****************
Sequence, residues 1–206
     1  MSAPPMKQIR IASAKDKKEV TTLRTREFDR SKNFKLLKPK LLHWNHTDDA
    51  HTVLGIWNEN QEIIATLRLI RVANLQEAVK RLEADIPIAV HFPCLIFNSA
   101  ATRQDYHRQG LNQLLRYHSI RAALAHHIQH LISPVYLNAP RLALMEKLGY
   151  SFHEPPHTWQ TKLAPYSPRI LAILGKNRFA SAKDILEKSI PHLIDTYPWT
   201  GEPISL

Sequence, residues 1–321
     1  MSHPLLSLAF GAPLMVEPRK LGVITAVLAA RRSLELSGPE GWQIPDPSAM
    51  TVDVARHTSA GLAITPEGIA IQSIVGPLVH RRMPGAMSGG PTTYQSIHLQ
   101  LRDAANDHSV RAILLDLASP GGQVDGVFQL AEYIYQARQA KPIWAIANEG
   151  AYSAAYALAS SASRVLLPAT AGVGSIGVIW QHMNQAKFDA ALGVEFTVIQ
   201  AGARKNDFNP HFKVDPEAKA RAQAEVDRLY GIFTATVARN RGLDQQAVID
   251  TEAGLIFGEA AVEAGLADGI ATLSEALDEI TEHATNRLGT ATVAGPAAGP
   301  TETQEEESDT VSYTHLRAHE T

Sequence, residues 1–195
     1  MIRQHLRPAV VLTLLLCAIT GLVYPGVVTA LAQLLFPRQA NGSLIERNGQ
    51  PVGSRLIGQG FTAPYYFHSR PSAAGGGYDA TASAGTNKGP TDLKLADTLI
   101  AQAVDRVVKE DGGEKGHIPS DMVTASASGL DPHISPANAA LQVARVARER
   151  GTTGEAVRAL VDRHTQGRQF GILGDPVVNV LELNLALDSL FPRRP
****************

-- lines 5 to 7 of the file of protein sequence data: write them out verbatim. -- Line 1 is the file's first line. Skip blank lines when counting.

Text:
   151  SFHEPPHTWQ TKLAPYSPRI LAILGKNRFA SAKDILEKSI PHLIDTYPWT
   201  GEPISL

Sequence, residues 1–321